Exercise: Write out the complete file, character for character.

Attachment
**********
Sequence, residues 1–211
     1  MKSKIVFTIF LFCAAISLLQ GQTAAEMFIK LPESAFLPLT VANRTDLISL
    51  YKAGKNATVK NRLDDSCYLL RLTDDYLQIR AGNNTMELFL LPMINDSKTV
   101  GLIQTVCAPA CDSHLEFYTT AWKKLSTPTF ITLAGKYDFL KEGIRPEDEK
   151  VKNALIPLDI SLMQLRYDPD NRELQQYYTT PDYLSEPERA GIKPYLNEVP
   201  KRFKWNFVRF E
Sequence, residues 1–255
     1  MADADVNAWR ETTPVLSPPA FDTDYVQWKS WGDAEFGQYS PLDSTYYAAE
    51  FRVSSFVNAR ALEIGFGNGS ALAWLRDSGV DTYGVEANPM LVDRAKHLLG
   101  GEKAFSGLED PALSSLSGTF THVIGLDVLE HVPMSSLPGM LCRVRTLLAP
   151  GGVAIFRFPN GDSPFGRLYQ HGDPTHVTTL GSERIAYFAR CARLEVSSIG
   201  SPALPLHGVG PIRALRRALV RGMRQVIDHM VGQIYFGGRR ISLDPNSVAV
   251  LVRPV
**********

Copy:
Sequence, residues 1–211
     1  MKSKIVFTIF LFCAAISLLQ GQTAAEMFIK LPESAFLPLT VANRTDLISL
    51  YKAGKNATVK NRLDDSCYLL RLTDDYLQIR AGNNTMELFL LPMINDSKTV
   101  GLIQTVCAPA CDSHLEFYTT AWKKLSTPTF ITLAGKYDFL KEGIRPEDEK
   151  VKNALIPLDI SLMQLRYDPD NRELQQYYTT PDYLSEPERA GIKPYLNEVP
   201  KRFKWNFVRF E
Sequence, residues 1–255
     1  MADADVNAWR ETTPVLSPPA FDTDYVQWKS WGDAEFGQYS PLDSTYYAAE
    51  FRVSSFVNAR ALEIGFGNGS ALAWLRDSGV DTYGVEANPM LVDRAKHLLG
   101  GEKAFSGLED PALSSLSGTF THVIGLDVLE HVPMSSLPGM LCRVRTLLAP
   151  GGVAIFRFPN GDSPFGRLYQ HGDPTHVTTL GSERIAYFAR CARLEVSSIG
   201  SPALPLHGVG PIRALRRALV RGMRQVIDHM VGQIYFGGRR ISLDPNSVAV
   251  LVRPV